As regular readers of our blog may recall, in one of our recent posts we started a fascinating new series on advanced materials by exploring the groundbreaking material graphene.

If you enjoyed this fascinating insight into the marvellous world of materials, then you’re in luck, as here in the second part in our continuing series we’re going to delve a little deeper and take a closer look at another magnificent material that really is out of this world – Vantablack.

nanotubes 

Introducing Vantablack

Ever heard of Vantablack? Whilst this might sound like the name of a super villain, in reality the term refers to a recently developed material that claims to be the blackest black ever seen – or rather not seen!

Blacker than black, Vantablack is a material so dark that you can’t even see it. If you’re wondering why, it’s not because the human eye is incapable of seeing it, but rather that our brains simply cannot make sense of what it is that they are seeing.

When you look at Vantablack it simply appears as a flat, featureless void – which makes for a pretty eerie experience!

Shapes and contours are lost, leaving nothing in their place save an apparent abyss. Hence gazing at this glorious material is pretty much like staring into the depths of a black hole – and by that we mean the kind found in space, obviously.

The material was developed by the British company Surrey NanoSystems, following a number of years of intensive research. And whilst they have been keeping a little hush hush with regards to the secrets of this material and how it was engineered, what we do know is that the material is made from a tightly woven thatch of carbon nanotubes – each of which is 10,000 times thinner than the average human hair.

So small are these tubes, that they can even prevent light from entering them. And what’s more, because they are incredibly tightly packed, any light that does make it between these tubes merely bounces between them until it’s absorbed – which is pretty incredible when you come to think about it!

This material is able to absorb all but 0.035 per cent of visual light and as such has set a new world record. Hence light may go in, but it definitely won’t come out!

As if all that wasn’t unusual enough, these nanotubes are grown – yes, you did read that right – on sheets of aluminium foil.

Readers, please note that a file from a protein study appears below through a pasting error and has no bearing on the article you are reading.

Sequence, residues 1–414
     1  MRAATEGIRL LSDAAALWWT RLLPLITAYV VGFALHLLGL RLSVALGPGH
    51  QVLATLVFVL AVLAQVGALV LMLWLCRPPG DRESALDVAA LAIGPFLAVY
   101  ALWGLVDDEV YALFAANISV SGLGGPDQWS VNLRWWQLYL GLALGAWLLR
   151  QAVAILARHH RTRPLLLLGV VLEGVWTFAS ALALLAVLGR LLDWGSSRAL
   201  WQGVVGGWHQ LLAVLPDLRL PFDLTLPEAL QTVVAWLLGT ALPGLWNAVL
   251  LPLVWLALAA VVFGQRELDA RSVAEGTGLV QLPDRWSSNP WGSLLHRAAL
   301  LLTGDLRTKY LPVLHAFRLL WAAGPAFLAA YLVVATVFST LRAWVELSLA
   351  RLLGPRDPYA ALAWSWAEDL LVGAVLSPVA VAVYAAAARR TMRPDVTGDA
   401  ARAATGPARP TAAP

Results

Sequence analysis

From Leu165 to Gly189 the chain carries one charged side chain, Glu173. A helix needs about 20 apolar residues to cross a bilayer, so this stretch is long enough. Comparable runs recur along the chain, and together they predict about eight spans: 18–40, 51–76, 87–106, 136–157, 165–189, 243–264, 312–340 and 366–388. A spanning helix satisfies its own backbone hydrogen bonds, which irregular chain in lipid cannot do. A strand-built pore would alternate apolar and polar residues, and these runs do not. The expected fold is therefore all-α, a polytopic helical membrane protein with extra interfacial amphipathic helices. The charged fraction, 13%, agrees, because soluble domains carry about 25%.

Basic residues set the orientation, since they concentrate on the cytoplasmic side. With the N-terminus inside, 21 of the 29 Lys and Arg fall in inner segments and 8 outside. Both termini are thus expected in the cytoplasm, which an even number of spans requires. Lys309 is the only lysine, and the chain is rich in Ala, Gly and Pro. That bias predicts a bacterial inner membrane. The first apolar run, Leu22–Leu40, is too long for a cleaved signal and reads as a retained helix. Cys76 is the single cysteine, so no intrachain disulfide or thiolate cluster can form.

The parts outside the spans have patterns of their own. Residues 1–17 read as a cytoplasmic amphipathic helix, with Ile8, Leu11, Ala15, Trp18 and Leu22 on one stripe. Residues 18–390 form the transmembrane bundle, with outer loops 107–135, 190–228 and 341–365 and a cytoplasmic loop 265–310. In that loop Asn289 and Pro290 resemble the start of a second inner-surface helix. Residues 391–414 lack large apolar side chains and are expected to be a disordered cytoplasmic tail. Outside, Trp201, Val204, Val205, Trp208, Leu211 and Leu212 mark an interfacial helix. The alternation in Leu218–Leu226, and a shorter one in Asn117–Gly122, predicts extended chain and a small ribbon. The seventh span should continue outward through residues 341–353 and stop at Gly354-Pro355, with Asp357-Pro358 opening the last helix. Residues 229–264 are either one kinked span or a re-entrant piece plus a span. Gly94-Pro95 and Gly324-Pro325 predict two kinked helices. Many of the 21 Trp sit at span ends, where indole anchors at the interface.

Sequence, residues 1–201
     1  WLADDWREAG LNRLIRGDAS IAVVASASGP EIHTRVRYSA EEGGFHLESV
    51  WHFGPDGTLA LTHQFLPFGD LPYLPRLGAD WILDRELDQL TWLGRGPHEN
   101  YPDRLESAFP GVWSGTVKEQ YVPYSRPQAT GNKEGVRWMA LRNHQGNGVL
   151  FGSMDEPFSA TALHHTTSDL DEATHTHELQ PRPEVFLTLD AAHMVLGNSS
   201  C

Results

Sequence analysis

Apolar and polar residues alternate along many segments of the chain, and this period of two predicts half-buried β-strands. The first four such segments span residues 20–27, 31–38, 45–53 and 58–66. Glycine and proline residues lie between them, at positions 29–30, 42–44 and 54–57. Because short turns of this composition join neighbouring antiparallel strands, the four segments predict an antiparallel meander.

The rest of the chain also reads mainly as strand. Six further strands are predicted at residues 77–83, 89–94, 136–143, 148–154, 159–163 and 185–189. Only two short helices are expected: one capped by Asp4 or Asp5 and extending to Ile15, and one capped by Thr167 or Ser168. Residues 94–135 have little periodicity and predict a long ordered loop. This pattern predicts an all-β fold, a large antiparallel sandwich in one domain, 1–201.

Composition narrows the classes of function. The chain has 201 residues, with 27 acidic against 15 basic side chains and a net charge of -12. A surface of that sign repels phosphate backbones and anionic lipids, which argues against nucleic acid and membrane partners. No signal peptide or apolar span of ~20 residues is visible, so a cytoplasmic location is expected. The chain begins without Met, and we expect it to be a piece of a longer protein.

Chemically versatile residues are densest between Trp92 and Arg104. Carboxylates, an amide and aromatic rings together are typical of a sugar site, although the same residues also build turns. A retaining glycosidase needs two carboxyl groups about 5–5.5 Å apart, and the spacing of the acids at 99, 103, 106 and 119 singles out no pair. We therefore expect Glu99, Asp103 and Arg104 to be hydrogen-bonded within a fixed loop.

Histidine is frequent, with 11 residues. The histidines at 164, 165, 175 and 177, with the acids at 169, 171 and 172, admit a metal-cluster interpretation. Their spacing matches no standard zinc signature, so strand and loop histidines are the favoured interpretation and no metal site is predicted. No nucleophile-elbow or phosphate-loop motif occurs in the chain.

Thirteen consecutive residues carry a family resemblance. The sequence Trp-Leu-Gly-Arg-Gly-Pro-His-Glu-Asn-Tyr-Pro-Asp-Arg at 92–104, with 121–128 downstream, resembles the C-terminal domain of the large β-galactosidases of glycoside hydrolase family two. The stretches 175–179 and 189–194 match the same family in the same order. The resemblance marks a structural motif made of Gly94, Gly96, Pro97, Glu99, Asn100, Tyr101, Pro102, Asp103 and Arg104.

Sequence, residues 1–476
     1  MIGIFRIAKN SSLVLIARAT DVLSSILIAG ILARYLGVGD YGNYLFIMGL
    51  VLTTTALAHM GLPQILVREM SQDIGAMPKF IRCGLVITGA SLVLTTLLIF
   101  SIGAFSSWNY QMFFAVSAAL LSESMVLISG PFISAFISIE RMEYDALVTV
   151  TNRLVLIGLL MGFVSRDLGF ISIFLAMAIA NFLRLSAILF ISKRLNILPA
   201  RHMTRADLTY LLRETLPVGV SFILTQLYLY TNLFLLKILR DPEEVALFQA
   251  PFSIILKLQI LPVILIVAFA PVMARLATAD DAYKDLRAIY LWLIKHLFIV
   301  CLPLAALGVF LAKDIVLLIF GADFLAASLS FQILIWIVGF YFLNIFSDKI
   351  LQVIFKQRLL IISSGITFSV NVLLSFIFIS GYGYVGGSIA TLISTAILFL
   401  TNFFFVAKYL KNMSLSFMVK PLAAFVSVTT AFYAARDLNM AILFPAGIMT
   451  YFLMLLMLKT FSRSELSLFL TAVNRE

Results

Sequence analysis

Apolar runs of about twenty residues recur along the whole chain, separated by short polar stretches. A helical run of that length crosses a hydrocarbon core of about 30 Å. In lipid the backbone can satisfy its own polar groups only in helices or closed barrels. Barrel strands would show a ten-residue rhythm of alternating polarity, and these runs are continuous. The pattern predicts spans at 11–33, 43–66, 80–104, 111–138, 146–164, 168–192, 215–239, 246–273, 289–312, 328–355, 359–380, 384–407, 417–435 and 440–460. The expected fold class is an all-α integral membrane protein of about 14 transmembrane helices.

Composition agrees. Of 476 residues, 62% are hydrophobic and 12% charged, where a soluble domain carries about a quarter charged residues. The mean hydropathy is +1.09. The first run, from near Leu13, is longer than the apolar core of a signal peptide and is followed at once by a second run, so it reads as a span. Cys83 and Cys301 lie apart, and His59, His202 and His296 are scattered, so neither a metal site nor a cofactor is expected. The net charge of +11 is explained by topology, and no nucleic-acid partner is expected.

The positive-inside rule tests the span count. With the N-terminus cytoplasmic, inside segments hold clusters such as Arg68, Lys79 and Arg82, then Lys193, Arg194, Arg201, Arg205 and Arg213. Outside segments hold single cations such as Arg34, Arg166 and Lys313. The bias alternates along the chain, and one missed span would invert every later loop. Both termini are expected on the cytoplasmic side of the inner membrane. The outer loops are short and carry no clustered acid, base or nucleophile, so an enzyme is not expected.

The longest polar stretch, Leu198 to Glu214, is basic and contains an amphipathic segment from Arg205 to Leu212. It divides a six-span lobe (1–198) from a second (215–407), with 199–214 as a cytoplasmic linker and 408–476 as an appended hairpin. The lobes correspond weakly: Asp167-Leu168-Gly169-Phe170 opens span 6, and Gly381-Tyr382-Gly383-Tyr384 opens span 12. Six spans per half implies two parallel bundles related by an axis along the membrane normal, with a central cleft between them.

In addition to its amazing light absorbing properties Vantablack is able to conduct heat more than seven times as effectively as copper, and has 10 times the tensile strength of steel too.

 

An Array of Amazing Applications

Given the astonishing properties of this material, it has captured the imagination of the world.

Touch screens, ultra black coatings, aerospace components, astronomical cameras, and telescopes, these are just a few of the amazing applications Vantablack could be used for.

But if you we’re thinking of getting your hands on some of this wonder material for yourself then you might want to think again. It’s so expensive that its makers have so far refused to even name a price!

All in all, this black to end all blacks is a fantastic example of how engineers are able to push the boundaries and manipulate materials to produce ever more remarkable results.

We hoped you have enjoyed this quick look at the void that is Vantablack! Here at Airedale Springs we know  a thing or two about materials and how essential they are to the success of any product. We only ever use the finest materials in all of our spring products – including our small springs – ensuring that they are able to provide optimal levels of performance.

If you would like to know more about our services, then simply get in touch with a member of our expert team today by giving us a call on 01535 643456, and we will be happy to help you with your enquiries.